Look at the sourcing and outsourcing space specifically. In a number of particular areas President Trump could well have a huge impact: a crackdown on immigration and the offshoring of work, changes to NAFTA, the reversal of the ACA and other policies would affect very substantially certain tranches of the space and those working within them. Likewise, in the UK the way Theresa May is approaching the exit from the EU and the Single Market has deep significance for businesses working in and with the United Kingdom for data protection, for accounting and a host of other areas.
As the editor of Outsource (a member of the SIG family, of course, since January this year) it’s my great privilege to publish articles by some of the best-known figures in the space: authors whose very names have become synonymous with cutting-edge thought leadership and the kind of insight which itself drives change within this dynamic, fascinating industry. However, it’s also always crucial for me to remember that great insight and high-quality communication are not the sole preserve of the established sourcing superstar; that right now, out there scattered across the wide, wild world are a host of undiscovered B2B literary marvels – as-yet-unsung thought leaders whose talents lie like diamonds, buried but waiting only for the miner’s pick to swing in the right direction.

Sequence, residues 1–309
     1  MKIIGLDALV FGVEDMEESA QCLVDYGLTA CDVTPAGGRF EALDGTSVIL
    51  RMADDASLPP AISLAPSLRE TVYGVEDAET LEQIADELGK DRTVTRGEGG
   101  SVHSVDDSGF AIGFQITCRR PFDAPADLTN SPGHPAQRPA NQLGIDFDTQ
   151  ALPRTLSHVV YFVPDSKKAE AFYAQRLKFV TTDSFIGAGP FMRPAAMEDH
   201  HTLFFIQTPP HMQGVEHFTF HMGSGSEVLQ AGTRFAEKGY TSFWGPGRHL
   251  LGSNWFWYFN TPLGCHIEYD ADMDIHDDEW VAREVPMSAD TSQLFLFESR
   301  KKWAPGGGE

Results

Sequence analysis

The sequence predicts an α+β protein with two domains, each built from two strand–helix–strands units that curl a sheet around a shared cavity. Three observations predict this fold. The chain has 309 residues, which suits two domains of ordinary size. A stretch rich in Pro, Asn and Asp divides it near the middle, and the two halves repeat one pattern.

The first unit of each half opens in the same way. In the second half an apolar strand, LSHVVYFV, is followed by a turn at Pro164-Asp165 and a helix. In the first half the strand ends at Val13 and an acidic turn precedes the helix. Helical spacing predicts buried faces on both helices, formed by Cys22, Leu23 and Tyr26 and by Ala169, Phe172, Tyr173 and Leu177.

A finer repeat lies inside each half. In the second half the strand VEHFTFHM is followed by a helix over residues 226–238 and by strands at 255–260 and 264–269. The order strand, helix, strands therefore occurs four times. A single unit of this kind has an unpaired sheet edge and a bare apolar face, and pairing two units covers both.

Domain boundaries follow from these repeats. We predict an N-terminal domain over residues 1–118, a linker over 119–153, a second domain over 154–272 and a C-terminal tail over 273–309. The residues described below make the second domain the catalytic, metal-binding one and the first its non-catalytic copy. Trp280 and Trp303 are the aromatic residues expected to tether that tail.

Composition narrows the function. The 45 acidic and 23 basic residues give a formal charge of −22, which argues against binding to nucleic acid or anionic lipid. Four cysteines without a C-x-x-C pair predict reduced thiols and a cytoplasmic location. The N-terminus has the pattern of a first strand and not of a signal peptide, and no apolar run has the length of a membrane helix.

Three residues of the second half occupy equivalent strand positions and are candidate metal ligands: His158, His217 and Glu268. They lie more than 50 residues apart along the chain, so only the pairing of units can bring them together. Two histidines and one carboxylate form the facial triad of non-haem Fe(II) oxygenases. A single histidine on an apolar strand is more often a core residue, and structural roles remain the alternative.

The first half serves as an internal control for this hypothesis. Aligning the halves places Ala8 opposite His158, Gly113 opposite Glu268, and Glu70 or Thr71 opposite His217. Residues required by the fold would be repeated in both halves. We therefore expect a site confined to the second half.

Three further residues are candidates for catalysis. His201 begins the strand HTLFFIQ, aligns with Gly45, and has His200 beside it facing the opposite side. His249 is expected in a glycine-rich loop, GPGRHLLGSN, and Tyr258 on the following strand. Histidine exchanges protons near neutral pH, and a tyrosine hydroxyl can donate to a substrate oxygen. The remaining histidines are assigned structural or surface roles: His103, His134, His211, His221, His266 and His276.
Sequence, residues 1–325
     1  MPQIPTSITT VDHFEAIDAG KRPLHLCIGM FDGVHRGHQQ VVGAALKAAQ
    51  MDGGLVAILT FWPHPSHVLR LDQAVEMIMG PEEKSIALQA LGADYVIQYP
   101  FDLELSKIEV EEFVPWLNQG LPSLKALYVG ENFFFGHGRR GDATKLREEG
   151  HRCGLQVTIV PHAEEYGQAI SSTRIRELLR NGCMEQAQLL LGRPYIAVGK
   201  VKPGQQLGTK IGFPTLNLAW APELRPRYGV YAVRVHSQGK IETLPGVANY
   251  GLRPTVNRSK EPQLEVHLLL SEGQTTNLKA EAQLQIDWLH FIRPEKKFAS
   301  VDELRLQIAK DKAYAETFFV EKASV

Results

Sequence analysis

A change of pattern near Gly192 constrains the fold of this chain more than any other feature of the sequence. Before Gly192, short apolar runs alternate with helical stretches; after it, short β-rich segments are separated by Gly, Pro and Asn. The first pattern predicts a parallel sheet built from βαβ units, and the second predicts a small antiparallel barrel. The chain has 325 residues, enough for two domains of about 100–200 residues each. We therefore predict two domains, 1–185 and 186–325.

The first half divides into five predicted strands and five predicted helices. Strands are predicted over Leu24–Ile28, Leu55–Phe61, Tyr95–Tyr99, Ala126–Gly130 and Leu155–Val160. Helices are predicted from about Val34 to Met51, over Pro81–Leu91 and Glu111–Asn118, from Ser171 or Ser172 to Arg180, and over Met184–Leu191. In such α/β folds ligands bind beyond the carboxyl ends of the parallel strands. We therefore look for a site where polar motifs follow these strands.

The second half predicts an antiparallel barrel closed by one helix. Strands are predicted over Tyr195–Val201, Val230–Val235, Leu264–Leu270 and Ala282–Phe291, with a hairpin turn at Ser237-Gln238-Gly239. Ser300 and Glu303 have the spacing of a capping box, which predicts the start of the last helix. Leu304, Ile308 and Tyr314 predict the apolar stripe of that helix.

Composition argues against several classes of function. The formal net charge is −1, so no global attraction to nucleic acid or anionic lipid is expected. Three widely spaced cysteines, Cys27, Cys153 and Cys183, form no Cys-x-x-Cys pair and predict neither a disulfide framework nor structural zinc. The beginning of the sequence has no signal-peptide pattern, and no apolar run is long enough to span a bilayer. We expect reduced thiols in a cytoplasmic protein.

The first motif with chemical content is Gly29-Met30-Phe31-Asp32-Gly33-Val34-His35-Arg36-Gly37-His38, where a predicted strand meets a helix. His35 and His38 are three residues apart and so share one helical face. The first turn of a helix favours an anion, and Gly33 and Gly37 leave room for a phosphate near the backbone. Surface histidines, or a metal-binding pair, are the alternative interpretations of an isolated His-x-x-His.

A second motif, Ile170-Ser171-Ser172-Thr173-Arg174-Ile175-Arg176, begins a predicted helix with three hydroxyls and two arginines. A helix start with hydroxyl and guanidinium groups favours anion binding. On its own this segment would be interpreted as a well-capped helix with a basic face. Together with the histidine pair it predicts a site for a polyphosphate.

Well, it’s time for Outsource to go mining…we’re launching a writing competition aimed at discovering those diamonds and bringing them out into the light – and, what’s more, thanks to our excellent colleagues at SIG University we’ve got the perfect prize with which to tempt the next generation of outsourcing authors to sharpen their quills: a place in the next semester of the Certified Sourcing Professional course! (And if the winner doesn’t meet SIG U’s entry criteria he or she can transfer the prize to a colleague who does; how’s that for a way to grab the attention of the top brass?)
Jamie Liddell, Editor, Outsource and Co-Head of EMEA, SIG